The rib bone’s connected to ...
Homer college student undergoes surgery for rare medical condition and keeps her rib as a souvenir
In a photo on her Facebook page, Marissa Paul, a 2011 Homer High School graduate, holds a shiny curved bone. It looks like the kind of bone beachcombers might find along Kachemak Bay from a moose or bear.
Paul, however, got the bone from a place closer to her heart — about six inches up toward her shoulder bone.
It’s her rib.
The clean, white rib is a souvenir of a grueling surgery Paul, 20, went through in March, and a symbol of a set of coincidences that linked Paul, her St. Louis, Mo., surgeon Dr. Robert Thompson and Homer bone expert Lee Post.
Paul’s medical adventure started on March 11, a week before her 20th birthday, when after reclining in a chair at her grandparents’ home in Marissa, Ill. — yes, she’s named after the town — she noticed her left arm had become discolored. Paul is a sophomore at Southwestern Illinois University, Belleville, where she’s studying to be an occupational therapist, and lives with Melvin and Joanne Paul at the seven-generation family farm where her mother, Rebecca Paul, also of Homer, grew up.
Paul told her grandparents something didn’t seem right with her arm. Her boyfriend accused her of being dramatic, she said.
“Then the next morning it was definitely swollen and definitely purple, and everybody was, ‘OK, you’re right,’” she said.
Her grandparents called their physician, Dr. Russell Coulter, a family friend and Rebecca Paul’s cousin. Dr. Coulter did an ultrasound and found a blood clot near her shoulder. He slapped her on Coumadin, a blood thinner, and sent her to Sparta Hospital in Illinois.
A few days later she went to Belleville Memorial Hospital, where doctors tried to remove the clot and open up the vein with a catheter snaked up inside her vein. That didn’t work and she then went to see Dr. Thompson at the Washington University Center at Barnes-Jewish Hospital, St. Louis.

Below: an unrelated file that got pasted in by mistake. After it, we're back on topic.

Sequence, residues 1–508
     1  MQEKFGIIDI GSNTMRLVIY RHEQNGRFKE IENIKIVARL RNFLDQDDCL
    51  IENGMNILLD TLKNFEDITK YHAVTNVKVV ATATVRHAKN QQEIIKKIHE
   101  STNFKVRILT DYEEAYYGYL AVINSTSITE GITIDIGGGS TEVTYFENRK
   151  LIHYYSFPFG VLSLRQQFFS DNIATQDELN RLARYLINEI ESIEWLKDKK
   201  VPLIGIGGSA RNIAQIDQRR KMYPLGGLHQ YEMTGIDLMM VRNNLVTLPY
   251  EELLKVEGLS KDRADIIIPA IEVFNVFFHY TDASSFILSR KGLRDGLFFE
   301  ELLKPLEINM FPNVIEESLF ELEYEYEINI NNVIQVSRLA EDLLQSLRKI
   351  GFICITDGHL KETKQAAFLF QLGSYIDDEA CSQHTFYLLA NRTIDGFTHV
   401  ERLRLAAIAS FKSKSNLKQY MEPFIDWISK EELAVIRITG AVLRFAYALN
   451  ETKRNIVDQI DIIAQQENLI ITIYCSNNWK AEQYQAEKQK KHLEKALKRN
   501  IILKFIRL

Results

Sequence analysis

His diagnosis? Thoracic Outlet Syndrome, or TOS, a rare medical condition that affects 1 in 50,000 people and often hits athletes, particularly professional baseball pitchers. Its symptoms include pain, tingling and numbness in the neck, shoulder, arms or hands, caused by compressed nerves in the neck and shoulder. One form of TOS, venous, the kind Paul has, can cause blood clots in the veins and can be life threatening.
“Thoracic outlet syndrome is a unique condition where the blood vessels or nerves are pinched in the base of the neck behind the collar bone,” Dr. Thompson said.
“Basically, it was between my collarbone and my first rib,” Paul said of the affected vein.
Blood thinners can treat the clots, but would need to be taken for life and require periodic testing. Coumadin, a common blood thinner, often is taken by elderly people to prevent or recover from strokes and other heart disease. Because Coumadin can cause fetal birth defects if taken by pregnant women, if Paul stayed on it she could never have children, her mother said.
Paul chose surgery.
The head of the Washington University Center for Thoracic Outlet Syndrome at Barnes-Jewish Hospital, Dr. Thompson only does TOS surgery, said Nicholas McLaren, public relations manager for Barnes-Jewish. In one year he performed 130 such surgeries. His office wall includes baseball jerseys from some of the more than 60 athletes he has treated, including Colorado Rockies pitcher Aaron Cook.
The eight-hour surgery involved several procedures: cutting the first rib, the rib at the top of the rib cage connected to the first thoracic vertebra, away from surrounding muscle and tissue; removing the rib; repairing the collapsed vein using a donor vein; and temporarily rerouting a vein in to an artery Paul’s arm at her wrist so more blood will pump through the repaired vein and help it heal better. That connection, called a thrill, pushes blood so fast Paul said you can feel it buzzing.